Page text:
Quantcast

Latest Microplasma Stories

Tiny Transistors Developed For Extreme Environs
2014-03-20 10:29:28

University of Utah University of Utah electrical engineers fabricated the smallest plasma transistors that can withstand high temperatures and ionizing radiation found in a nuclear reactor. Such transistors someday might enable smartphones that take and collect medical X-rays on a battlefield, and devices to measure air quality in real time. "These plasma-based electronics can be used to control and guide robots to conduct tasks inside the nuclear reactor," says Massood Tabib-Azar, a...

Case Western Reserve University Makes Nanodiamonds In Ambient Conditions
2013-10-21 09:19:46

Case Western Reserve University Opens door for flexible electronics, implants and more Instead of having to use tons of crushing force and volcanic heat to forge diamonds, researchers at Case Western Reserve University have developed a way to cheaply make nanodiamonds on a lab bench at atmospheric pressure and near room temperature. The nanodiamonds are formed directly from a gas and require no surface to grow on. The discovery holds promise for many uses in technology and...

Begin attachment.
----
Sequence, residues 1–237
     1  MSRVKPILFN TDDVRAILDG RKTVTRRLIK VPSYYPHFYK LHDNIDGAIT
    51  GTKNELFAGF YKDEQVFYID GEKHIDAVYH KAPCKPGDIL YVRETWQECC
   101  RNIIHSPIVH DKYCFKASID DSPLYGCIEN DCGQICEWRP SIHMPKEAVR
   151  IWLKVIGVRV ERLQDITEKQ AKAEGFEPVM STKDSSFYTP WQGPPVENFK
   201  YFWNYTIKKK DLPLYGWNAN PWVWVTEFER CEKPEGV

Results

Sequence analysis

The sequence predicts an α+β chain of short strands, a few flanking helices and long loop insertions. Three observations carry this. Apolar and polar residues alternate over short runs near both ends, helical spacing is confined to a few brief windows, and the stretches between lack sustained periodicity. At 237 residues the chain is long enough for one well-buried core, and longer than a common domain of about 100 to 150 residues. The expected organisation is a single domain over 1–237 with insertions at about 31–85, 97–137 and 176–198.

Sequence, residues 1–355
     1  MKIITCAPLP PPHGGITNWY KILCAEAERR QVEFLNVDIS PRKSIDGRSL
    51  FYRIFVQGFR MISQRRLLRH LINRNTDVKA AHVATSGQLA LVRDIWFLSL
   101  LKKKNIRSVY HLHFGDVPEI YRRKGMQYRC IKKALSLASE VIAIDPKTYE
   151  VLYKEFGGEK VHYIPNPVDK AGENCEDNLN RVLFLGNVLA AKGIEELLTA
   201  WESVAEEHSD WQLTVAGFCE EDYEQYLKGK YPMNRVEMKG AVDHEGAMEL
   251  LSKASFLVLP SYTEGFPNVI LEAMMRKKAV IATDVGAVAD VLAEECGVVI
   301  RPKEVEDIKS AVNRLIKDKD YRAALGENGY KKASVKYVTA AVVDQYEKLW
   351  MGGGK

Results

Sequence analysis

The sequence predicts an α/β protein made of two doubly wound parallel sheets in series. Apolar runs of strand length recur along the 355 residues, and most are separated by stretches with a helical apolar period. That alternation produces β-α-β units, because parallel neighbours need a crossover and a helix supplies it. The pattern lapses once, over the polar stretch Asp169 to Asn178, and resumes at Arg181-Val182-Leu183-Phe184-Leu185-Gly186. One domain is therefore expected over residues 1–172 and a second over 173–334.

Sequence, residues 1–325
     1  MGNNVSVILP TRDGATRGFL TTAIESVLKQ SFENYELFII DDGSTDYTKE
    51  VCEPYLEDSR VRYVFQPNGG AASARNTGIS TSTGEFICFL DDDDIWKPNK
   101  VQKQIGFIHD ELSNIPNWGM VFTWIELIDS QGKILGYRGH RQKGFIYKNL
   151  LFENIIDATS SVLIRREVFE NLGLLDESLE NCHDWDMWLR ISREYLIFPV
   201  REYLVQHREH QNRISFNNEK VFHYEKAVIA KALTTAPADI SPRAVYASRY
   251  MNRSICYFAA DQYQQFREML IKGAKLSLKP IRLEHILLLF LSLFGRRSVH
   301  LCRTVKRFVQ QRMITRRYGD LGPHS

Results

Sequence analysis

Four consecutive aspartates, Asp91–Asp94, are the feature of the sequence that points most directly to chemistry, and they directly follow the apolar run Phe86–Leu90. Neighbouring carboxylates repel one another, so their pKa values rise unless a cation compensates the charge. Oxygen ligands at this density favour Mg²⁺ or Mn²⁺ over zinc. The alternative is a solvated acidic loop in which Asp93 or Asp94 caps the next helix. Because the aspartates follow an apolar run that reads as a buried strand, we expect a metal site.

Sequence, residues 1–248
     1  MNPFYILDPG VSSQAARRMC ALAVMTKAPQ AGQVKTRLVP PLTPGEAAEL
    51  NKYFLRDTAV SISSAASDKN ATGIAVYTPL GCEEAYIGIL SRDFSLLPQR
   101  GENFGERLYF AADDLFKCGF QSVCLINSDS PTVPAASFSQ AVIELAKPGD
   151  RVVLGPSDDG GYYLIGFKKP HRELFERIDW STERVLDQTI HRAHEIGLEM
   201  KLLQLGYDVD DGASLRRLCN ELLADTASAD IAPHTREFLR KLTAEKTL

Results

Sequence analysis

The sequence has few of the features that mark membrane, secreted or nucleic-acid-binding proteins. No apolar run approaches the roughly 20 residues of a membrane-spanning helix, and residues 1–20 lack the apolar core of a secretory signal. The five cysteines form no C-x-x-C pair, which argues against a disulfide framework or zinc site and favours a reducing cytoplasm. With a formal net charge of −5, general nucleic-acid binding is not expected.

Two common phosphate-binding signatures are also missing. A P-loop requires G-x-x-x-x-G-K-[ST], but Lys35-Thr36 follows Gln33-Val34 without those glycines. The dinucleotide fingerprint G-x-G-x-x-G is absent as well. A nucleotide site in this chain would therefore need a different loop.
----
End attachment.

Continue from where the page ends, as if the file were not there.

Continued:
Microplasma Device Could Revolutionize Archaeology
2013-09-07 03:58:07

redOrbit Staff & Wire Reports - Your Universe Online A team of researchers, including experts from Uppsala University in Sweden have developed a miniature device that they claim could revolutionize the way in which archaeologists date objects they discover in the field. The instrument in question is being described as a high-tech microplasma source that is capable of exciting matter in a controlled, efficient way. While the device, which is detailed in a paper appearing in the...


Word of the Day
monteith
  • A large punch-bowl of the eighteenth century, usually of silver and with a movable rim, and decorated with flutings and a scalloped edge. It was also used for cooling and carrying wine-glasses.
  • A kind of cotton handkerchief having white spots on a colored ground, the spots being produced by a chemical which discharges the color.
This word is possibly named after Monteith (Monteigh), 'an eccentric 17th-century Scotsman who wore a cloak scalloped at the hem.'
Related